In the operation of the tool the body NJ carrying the bit B may be secured to the lower end of the string S and run into the well on the string. The parts are in the positions illustrated in Fig. 2 of the drawings when the tool is run into the well. In the event that the well contains liquid the string S may be run into the well wet, that is, filled with liquid so that the hydrostatic forces on the valve 44 and mandrel l2 are balanced. In most instances, however, it may be preferred to run the tool into the well dry so that the well liquid flows up through the opening and raises the valve 44 to enter the string S. The hydrostatic pressures acting on the lower end of the mandrel l2 may also raise the ma. drel. This upward movement of the mandrel I2 is limited by the lower walls of the keyways 4i cooperating with the keys 40. The hydrostatic pressure in the well may be sufficient to raise the valve head from its seat 48 when the upward movement of the mandrel l 2 has stopped. When the pressures on the mandrel l2 and valve 44 have become equalized the valve 44 and the mandrel I2 return by gravity to the positions illustrated in Fig. 2.
When the well scraper or tool has reached a position beyond the lower end of the well casing rotation of the tool is begun. The fluid in the string S is then put under pressure by the pumps. The fluid pressure in the opening 2! acts downwardly against the piston P and the valve 44 to move the same downwardly. During the downward movement of the mandrel [2 the fingers 35 of the mandrel cooperate with the lugs 31 to swing the cutting elements II to their projecting positions. The expanding cutting elements I I on the rotating tool cut clearance in the earth formation at the side wall of the well. The downward movement of the mandrel l2 and the valve 44 continues until the latch moves through or into the opening 41. The engagement of the wall of the opening 41 with the latch 55 retracts the latch and, upon retraction of the latch from the ring 53, the spring 50 reacting against the upper side of the guide 46 through the medium of the ring 53 suddenly moves the Valve 44 upwardly. This moves the valve head 45 away from the seat 48 and allows the fluid under pressure to flow downwardly through the opening 30. The piston P and the mandrel 42 may continue to move downwardly. The fluid is free to discharge into the well through the slots 2| at or adjacent the plane of action of the cutting elements II. The piston P and the mandrel 12 may continue to move downwardly under the action of the fluid pressure after the valve 44 is retracted as just described. During the upward movement of the valve 44 its groove 9 moves through or into the ring 53 and when the valve approaches its uppermost position the latch 62 pivots inwardly under the action of the spring 64 so that its upper inner corner engages in the groove 9. This latches the valve 44 in its raised position.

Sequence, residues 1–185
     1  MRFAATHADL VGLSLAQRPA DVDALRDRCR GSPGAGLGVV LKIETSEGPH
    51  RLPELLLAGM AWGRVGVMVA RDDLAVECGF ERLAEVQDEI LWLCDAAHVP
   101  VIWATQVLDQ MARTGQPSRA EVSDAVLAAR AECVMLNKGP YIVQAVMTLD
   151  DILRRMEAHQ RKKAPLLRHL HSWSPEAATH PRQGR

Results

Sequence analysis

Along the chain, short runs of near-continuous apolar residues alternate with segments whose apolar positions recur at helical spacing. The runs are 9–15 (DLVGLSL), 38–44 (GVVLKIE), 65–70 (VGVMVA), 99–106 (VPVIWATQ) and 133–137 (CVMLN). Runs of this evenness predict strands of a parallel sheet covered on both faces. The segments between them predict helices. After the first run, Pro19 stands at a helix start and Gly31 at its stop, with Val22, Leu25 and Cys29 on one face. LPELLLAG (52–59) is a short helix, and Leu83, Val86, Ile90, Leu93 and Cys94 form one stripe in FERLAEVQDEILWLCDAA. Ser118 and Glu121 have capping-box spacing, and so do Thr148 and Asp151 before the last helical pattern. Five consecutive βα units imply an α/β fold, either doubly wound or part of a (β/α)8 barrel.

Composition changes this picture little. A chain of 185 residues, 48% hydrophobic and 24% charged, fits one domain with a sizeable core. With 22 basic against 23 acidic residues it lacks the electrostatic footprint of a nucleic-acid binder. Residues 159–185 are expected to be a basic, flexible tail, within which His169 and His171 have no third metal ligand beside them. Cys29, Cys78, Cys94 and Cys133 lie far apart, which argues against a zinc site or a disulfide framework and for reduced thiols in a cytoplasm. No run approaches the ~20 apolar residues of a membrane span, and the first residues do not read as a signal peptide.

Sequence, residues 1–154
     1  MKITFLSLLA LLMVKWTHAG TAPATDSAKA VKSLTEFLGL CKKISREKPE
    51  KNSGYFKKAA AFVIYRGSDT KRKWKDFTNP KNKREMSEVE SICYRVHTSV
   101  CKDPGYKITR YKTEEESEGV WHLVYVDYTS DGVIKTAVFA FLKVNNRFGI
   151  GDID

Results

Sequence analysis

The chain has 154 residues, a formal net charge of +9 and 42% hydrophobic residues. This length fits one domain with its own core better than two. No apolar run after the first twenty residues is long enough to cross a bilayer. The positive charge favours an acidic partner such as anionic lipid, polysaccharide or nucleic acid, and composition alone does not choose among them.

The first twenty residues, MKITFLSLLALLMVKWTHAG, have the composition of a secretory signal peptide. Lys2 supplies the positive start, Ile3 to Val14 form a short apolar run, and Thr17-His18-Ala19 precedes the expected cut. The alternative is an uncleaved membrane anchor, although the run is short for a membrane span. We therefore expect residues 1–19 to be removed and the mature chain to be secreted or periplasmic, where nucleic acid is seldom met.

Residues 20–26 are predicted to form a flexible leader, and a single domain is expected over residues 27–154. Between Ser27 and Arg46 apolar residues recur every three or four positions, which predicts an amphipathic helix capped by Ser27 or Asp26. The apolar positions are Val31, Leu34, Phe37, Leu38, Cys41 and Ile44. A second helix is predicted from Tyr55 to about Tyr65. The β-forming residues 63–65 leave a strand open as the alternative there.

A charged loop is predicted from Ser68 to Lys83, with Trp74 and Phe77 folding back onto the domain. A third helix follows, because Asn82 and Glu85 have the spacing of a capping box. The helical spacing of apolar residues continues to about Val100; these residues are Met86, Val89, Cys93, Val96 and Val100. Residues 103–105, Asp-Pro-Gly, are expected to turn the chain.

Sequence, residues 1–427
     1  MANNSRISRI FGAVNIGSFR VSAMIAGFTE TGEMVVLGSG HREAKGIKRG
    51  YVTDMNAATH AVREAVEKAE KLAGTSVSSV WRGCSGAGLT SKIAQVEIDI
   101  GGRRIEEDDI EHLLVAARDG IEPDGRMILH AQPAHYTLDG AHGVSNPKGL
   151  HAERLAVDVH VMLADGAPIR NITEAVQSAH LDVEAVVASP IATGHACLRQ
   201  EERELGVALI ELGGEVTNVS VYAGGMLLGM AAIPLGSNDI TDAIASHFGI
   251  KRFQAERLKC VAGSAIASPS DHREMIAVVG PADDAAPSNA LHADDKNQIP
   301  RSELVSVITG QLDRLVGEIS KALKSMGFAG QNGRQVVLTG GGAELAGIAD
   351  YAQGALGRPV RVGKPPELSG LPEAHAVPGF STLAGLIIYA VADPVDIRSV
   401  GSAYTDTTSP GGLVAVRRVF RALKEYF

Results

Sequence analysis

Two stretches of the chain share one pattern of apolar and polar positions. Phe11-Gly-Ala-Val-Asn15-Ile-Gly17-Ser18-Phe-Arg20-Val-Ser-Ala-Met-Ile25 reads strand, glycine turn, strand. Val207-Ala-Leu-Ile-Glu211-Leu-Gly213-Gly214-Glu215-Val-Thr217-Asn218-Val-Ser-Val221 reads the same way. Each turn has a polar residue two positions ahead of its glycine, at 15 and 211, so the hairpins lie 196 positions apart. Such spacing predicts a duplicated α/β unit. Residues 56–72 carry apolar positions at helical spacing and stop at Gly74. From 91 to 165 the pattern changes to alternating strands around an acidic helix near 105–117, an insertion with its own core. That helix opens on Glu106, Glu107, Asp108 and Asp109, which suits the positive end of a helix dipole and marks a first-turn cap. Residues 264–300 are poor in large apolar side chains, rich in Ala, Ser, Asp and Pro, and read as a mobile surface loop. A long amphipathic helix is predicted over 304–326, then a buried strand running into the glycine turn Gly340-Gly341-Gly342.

The upward movement of the valve 44 away from the piston P and the valve seat 48 allows the circulation fluid to flow downwardly through the opening 3!) and out through the slots 2|. This initiation of the circulation through the tool results in the starting of the pumps and this informs the operator or driller of the projection of the cutting elements II. The rotation of the string S may be continued to cause the cutting elements H to ream or enlarge the bore as desired. During this reaming action the circulation fluid is pumped downwardly through the string S to flow through the openings Zia and 30 to discharge from the slots H. The fluid discharging from the slots 2! effectively cleans and flushes the cutting elements H and may assist in the reaming operation. It will be ob served that the opening 30 is clear and unobstructed following the retraction of the valve 44 and that the circulation fluid may freely flow out through the slots 2|.
The present invention provides a reaming tool or wall scraper in which the cutting elements are positively projected oractuated by a hydrauhe means and in which the driller or operator is made aware of the correct projection of the cutting elements. There is a minimum obstruction to the circulation of fluid through the tool following the projection of the cutting elements ii and the fluid is conducted or handled by the simple tubular mandrel i2 without resorting to the use of special passages and ports in the tool body.
Having described only a typical preferred form and application of our invention we do not wish to be limited or restricted to the specific form and application herein set forth, but wish to reserve to ourselves any modifications or variations that may appear to those skilled in the art or fall within the scope of the following claims.